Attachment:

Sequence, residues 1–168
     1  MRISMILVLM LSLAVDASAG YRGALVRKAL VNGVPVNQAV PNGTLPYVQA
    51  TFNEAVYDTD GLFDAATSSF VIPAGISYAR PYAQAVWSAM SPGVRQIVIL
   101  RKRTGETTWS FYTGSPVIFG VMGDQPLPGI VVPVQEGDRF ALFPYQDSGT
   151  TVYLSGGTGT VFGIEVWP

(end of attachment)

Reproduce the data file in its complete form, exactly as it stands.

Sequence, residues 1–168
     1  MRISMILVLM LSLAVDASAG YRGALVRKAL VNGVPVNQAV PNGTLPYVQA
    51  TFNEAVYDTD GLFDAATSSF VIPAGISYAR PYAQAVWSAM SPGVRQIVIL
   101  RKRTGETTWS FYTGSPVIFG VMGDQPLPGI VVPVQEGDRF ALFPYQDSGT
   151  TVYLSGGTGT VFGIEVWP